Mortgage borrowers often have to make payments into an escrow account to cover periodic expenses like property taxes and insurance. Lenders are allowed to incorporate a two-month cushion to cover expected expenses, and so an initial escrow deposit should always include at least two months' worth of those expenses. However, an aggregate adjustment is made when the timing of expenses doesn't match up with the monthly payments you make toward your mortgage. The aggregate adjustment can increase the amount you'll owe at mortgage closing.

The idea behind the aggregate adjustment
In an ideal world, all of the expenses related to your home would match up with the monthly schedule on which you pay your mortgage. In that case, all you'd need to do is to add up your monthly expenses and multiply by two. That would determine the escrow amount, and you wouldn't need an aggregate adjustment.

However, if one of your expenses requires making an annual payment up front, then the escrow would have a negative balance that would only be recovered over time. In that case, the lender will require a larger payment to ensure that there's never less than two months' expenses in the escrow account, even right after a big payment.

Calculating the aggregate adjustment
The simplest way to calculate the aggregate adjustment is to make a short summary of the year's payments and expenses. With one line for every month, enter the amount due for property tax, insurance, or other regular expenses for that month. Then add up the total expenses and divide by 12. That will give you the monthly escrow amount that you'll need to deposit on top of your mortgage payment for repaying interest and principal on your loan.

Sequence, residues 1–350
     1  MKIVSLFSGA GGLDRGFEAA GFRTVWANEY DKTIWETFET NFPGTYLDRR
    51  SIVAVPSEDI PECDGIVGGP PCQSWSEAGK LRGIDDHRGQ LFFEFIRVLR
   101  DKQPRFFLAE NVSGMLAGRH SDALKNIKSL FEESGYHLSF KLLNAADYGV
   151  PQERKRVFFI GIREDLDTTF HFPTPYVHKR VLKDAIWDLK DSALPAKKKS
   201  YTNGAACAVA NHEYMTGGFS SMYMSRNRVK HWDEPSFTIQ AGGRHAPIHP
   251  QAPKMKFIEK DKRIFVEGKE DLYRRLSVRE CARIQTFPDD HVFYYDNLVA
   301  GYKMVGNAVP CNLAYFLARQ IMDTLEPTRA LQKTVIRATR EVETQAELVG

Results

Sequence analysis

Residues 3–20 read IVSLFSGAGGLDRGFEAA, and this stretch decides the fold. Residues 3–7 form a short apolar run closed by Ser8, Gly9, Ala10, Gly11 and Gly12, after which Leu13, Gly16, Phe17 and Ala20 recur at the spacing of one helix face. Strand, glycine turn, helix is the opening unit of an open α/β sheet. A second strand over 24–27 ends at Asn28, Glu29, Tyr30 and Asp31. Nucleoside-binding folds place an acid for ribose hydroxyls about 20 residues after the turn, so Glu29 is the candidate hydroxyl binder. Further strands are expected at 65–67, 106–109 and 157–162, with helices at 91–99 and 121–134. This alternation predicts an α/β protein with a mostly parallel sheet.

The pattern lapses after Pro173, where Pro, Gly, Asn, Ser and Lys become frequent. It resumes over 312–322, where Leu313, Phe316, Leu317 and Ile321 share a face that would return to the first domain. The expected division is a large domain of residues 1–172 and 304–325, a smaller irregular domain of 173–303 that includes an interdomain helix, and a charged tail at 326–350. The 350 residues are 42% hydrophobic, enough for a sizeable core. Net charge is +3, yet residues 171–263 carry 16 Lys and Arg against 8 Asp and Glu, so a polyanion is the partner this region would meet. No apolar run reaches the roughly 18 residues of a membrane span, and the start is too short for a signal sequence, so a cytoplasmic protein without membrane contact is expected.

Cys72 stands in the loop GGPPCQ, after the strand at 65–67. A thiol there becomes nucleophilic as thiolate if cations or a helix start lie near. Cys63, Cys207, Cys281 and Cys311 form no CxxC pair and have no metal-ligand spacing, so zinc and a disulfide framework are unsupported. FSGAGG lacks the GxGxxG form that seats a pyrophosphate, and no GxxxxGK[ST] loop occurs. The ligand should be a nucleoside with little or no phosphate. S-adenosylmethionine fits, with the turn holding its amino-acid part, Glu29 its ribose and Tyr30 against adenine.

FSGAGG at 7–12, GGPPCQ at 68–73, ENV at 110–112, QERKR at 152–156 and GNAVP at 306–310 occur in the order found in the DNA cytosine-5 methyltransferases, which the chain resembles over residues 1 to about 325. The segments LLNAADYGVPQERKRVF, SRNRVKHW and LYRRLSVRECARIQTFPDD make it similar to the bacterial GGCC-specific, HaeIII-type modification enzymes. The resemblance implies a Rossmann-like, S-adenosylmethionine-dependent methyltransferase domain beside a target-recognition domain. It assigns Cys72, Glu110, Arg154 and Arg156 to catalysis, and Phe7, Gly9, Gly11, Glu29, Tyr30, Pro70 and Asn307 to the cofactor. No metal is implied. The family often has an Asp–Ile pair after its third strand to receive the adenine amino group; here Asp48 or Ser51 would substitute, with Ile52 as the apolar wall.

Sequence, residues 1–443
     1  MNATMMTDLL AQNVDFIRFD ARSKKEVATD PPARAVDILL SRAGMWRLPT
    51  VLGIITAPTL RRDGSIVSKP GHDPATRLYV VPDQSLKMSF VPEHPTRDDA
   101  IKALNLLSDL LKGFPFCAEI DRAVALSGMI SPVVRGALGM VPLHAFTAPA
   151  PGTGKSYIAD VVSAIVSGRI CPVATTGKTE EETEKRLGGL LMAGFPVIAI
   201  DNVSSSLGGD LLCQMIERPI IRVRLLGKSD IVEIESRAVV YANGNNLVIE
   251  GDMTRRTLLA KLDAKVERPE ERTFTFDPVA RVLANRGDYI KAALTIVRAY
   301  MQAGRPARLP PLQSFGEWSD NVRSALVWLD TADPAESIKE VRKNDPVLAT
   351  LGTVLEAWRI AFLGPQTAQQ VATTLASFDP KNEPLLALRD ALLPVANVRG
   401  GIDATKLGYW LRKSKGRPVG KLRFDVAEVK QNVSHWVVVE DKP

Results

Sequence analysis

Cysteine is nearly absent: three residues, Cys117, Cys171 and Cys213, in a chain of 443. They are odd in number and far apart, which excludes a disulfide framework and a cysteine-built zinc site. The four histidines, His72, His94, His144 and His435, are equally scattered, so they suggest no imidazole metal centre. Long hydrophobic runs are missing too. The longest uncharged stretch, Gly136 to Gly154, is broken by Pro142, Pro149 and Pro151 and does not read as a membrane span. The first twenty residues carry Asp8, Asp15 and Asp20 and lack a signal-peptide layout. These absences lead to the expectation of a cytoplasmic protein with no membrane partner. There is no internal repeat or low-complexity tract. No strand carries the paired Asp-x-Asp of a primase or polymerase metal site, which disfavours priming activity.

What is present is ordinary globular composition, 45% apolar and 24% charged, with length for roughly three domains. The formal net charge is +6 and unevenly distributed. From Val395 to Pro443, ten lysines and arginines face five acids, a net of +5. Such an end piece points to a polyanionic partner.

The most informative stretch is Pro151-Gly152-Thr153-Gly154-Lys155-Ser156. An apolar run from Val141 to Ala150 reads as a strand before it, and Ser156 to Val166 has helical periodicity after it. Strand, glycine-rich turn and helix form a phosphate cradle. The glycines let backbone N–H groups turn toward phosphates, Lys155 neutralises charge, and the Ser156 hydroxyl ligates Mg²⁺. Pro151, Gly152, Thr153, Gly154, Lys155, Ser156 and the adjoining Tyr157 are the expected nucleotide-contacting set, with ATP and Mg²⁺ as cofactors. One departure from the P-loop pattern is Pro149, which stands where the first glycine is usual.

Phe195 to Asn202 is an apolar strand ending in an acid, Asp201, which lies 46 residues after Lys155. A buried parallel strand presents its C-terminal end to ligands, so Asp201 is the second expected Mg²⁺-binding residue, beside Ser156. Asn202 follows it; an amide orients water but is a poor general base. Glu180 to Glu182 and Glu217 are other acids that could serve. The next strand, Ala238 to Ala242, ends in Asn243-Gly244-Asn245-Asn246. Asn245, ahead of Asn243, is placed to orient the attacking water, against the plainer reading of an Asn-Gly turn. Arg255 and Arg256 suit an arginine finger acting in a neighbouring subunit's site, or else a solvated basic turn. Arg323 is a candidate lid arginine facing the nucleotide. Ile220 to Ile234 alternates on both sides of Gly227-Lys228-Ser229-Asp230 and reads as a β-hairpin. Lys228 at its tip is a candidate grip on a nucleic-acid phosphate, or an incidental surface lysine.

Once you have the monthly escrow deposit, enter that amount on each monthly line as a credit. Take the deposit and subtract the month's expenses. For the first month, keep that result. For subsequent months, add any positive amount or subtract any negative amount from the result from the previous month.

When you've completed that task for all 12 months, look at the column with each month's ending balance. If all the balances are zero or positive, then the two-month cushion is adequate and no aggregate adjustment is needed.

However, if any of the monthly ending balances is negative, then you'll need to add more up-front money to avoid that negative balance. Take the number from the month with the largest negative balance, and turn it into a positive number. That will be the amount of the aggregate adjustment. You'll therefore pay into escrow two months' of expenses plus the aggregate adjustment amount.

The aggregate adjustment ensures that you always have money in escrow to pay anticipated bills. Otherwise, your lender could end up carrying a negative escrow balance on your behalf.

Your home is an investment. But what if you're interested in dipping into the world of stock investing? Head on over to our Broker Center, and we'll help you get started.

This article is part of The Motley Fool's Knowledge Center, which was created based on the collected wisdom of a fantastic community of investors. We'd love to hear your questions, thoughts, and opinions on the Knowledge Center in general or this page in particular. Your input will help us help the world invest, better! Email us at Thanks -- and Fool on!